And my large kingdom for a little grave--
A little, little grave, an obscure grave."

How differently is all this expressed in King Henry's soliloquy during the battle with Edward's party :

"This battle fares like to the morning's war,
When dying clouds contend with growing light,
What time the shepherd blowing of his nails,
Can neither call it perfect day or night,
Here on this mole hill will I sit me down;
To whom God will, there be the victory!
For Margaret my Queen and Clifford too
Have chid me from the battle, swearing both
They prosper best of all whence I am thence.
Would I were dead, if God's good will were so.
For what is in this world but grief and wo?
O God! methinks it were a happy life

To be no better than a homely swain,
To sit upon a hill as I do now,

To carve out dials quaintly, point by point,
Thereby to see the minutes how they run:
How many make the hour full complete,
many hours bring about the day,
How many days will finish up the year,
How many years a mortal man may live.
When this is known, then to divide the times:

So many hours must I tend my flock,
So many hours must I take my rest,
So many hours must I contemplate,
So many hours must I sport myself;
So many days my ewes have been with young,

So many weeks ere the poor fools will yean,

So many months ere I shall shear the fleece:

So many minutes, hours, weeks, months, and years
Past over, to the end they were created,

Would bring white hairs unto a quiet grave.

Ah! what a life were this! how sweet, how lovely!
Gives not the hawthorn bush a sweeter shade

To shepherds looking on their silly sheep,
Than doth a rich embroidered canopy
To kings that fear their subjects' treachery?
O yes it doth, a thousand fold it doth.
And to conclude, the shepherd's homely curds,
His cold thin drink out of his leather bottle,
His wonted sleep under a fresh tree's shade,
All which secure and sweetly he enjoys,
Is far beyond a prince's delicates,

His viands sparkling in a golden cup,

His body couched in a curious bed,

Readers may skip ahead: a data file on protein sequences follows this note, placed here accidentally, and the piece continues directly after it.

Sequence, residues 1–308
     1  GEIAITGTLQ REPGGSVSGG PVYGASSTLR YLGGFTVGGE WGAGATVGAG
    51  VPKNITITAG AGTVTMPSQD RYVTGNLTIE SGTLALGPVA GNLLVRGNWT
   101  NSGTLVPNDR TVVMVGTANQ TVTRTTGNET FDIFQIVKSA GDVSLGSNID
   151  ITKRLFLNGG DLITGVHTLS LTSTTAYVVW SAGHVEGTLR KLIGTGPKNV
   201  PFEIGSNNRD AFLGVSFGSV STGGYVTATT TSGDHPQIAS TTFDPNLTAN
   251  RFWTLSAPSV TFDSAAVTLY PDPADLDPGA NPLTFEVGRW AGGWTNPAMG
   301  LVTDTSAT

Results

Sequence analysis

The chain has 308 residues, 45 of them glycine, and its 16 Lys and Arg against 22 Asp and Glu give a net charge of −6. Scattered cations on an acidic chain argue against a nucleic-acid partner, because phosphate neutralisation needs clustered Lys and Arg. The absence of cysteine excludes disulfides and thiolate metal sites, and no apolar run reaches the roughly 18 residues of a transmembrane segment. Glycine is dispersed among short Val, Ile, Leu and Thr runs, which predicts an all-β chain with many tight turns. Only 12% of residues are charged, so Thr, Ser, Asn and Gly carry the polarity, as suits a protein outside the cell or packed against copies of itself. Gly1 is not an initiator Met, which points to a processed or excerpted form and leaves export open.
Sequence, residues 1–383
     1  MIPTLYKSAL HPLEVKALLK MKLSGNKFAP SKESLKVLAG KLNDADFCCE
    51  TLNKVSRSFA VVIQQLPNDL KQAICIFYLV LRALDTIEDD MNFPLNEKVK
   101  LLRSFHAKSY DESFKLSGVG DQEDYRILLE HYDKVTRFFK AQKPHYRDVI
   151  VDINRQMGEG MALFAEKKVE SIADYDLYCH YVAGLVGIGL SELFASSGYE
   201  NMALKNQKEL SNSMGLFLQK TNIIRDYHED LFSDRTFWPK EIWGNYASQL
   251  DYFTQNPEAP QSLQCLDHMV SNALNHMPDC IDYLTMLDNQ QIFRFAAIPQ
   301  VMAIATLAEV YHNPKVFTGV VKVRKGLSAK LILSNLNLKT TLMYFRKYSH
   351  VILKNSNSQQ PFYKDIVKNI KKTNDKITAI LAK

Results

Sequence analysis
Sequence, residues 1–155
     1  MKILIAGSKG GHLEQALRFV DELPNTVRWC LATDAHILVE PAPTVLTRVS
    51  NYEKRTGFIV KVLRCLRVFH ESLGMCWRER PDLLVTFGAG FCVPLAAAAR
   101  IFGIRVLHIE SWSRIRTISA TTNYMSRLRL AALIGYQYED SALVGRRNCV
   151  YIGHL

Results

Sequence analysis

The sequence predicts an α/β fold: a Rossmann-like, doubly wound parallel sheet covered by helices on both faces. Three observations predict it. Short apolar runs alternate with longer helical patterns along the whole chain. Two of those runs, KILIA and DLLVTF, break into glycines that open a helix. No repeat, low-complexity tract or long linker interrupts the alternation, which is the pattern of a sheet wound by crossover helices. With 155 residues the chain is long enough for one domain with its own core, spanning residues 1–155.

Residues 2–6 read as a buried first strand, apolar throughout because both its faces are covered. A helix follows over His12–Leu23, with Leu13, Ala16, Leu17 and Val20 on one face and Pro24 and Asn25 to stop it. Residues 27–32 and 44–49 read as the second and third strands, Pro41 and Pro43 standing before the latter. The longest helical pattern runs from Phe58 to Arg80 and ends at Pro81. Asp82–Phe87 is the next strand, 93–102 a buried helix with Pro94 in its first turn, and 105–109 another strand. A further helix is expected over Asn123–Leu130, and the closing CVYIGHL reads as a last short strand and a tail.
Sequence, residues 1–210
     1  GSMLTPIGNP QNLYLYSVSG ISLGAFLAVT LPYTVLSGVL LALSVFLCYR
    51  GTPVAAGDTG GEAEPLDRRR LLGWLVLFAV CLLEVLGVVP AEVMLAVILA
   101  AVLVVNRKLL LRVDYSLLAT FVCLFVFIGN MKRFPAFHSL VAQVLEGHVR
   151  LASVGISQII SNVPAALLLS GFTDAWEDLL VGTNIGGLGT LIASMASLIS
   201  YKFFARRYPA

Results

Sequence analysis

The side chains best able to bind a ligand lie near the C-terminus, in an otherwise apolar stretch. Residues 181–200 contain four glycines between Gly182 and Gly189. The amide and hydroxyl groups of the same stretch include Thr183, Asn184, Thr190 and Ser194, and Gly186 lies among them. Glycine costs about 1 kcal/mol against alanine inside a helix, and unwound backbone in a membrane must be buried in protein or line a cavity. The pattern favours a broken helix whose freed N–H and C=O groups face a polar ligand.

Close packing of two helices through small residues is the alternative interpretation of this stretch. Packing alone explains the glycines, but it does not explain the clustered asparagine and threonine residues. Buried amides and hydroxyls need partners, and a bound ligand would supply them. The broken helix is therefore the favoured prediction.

When care, mistrust, and treasons wait on him."

This is a true and beautiful description of a naturally quiet and contented disposition, and not, like the former, the splenetick effusion of disappointed ambition.

In the last scene of Richard II. his despair lends him courage he beats the keeper, slays two of his assassins, and dies with imprecations in his mouth against Sir Pierce Exton, who "had staggered his royal person." Henry, when he is seized by the deer-stealers, only reads them a moral lecture on the duty of allegiance and the sanctity of an oath; and when stabbed by Gloucester in the Tower, reproaches him with his crimes, but pardons him his own death.


RICHARD III. may be considered as properly a stage play; it belongs to the theatre, rather than to the closet. We shall therefore criticise it chiefly with a reference to the manner in which we have seen it performed. It is the character in which Garrick came out it was the second character in which Mr. Kean appeared, and in which he acquired his fame. Shakspeare we have always with us: actors we have only for a few seasons; and therefore some account of them may be acceptable, if not to our contemporaries, to those who come after us, if "that rich and idle personage, Posterity," should deign to look into our writings.

It is possible to form a higher conception of the character of Richard than that given by Mr. Kean : but we cannot imagine any character represented with greater distinctness and precision, more perfectly articulated in every part. Perhaps indeed there is too much of what is technically called execution. When we first saw this celebrated actor in the part, we thought he sometimes failed from an